There’s also a thriving LGBTQ+ community, which is celebrated every year at the Queens Pride Parade and all year-round at the many popular gay bars, including Friend's Tavern, the borough’s oldest active gay bar and historic landmark.
Housing: Jackson Heights’s housing stock mainly consists of prewar co-ops, many have private courtyards and gardens, dating back to the original planned co-op community. There are a few condo buildings in the neighborhood mixed in with some rowhouses and semi-detached Tudor-style houses.
Eating and shopping: Jackson Heights is known for offering cuisines from around the world, such as Colombian, Indian, Tibetan, and Nepalese dining options. Some of the popular spots along Roosevelt Avenue include Nepali Bhanchha Ghar for authentic Nepalian food that’s been reviewed by the New York Times, Arpea Lady and Pollos a la Brasa Mario for Colombian fare, and The Queensboro, where you can enjoy Happy Hour during the week and brunch on the weekends.
Shopping is mainly concentrated along Junction Boulevard from 37th Avenue to 72nd Street and along Roosevelt Avenue. Local shops include Lockwood, a boutique selling everything from greeting cards to kitschy home accessories and Frank’s Pharmacy, a family-owned pharmacy that’s operated for a quarter-century. And there’s Patel Brothers, a popular Indian supermarket, and there’s lots of discount stores in the neighborhood.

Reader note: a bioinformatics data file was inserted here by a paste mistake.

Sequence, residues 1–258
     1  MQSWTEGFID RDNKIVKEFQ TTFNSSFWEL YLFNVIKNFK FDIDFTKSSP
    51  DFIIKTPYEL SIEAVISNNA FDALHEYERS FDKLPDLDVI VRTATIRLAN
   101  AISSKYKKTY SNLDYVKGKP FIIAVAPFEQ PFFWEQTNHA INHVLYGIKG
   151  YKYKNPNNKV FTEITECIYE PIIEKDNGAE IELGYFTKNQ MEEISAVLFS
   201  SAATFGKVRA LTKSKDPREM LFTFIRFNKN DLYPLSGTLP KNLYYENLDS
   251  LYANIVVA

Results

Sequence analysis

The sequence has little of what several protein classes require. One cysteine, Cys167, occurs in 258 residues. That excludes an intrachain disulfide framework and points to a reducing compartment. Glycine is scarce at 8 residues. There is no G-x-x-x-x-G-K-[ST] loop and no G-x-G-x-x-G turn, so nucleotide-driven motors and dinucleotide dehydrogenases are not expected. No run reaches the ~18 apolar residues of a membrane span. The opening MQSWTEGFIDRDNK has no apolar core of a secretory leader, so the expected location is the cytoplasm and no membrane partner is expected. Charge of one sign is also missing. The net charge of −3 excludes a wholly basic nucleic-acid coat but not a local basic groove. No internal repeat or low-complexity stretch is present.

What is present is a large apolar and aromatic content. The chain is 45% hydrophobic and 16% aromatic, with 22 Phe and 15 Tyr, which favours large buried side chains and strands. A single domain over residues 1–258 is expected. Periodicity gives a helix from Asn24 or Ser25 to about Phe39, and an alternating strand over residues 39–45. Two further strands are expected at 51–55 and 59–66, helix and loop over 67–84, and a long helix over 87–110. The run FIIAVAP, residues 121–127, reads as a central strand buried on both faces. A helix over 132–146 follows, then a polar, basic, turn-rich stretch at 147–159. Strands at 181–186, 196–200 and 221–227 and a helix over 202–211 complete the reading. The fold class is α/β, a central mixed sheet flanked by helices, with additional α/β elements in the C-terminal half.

Transportation: Jackson Heights is served by the 7 train along Roosevelt Avenue and you can catch the E, F, M, and R at the Roosevelt Avenue-Jackson Heights station. Buses include the Q32, Q33, Q47, Q49, and the Q53, Q70 Select Bus Service. You can get to LaGuardia Airport in 20 minutes on the Q33.
Area gems: The neighborhood’s street food scene is unlike anywhere else with a mix of traditional food carts, food trucks, and even makeshift grills in shopping carts along Roosevelt Avenue, serving up foods from around the world like arepas, tacos, churros, and more.
The vibe: The neighborhood’s thriving restaurants and nightlife gives the area along Roosevelt Avenue an electric feel any day of the week, while residential blocks are naturally quieter.
Celebrities: Howard Stern was born in the neighborhood, and his family moved a year later. Alfred Mosher Butts, co-creator of Scrabble, lived in Jackson Heights and there’s a street sign paying homage to the game at 35th Avenue and 81st Street.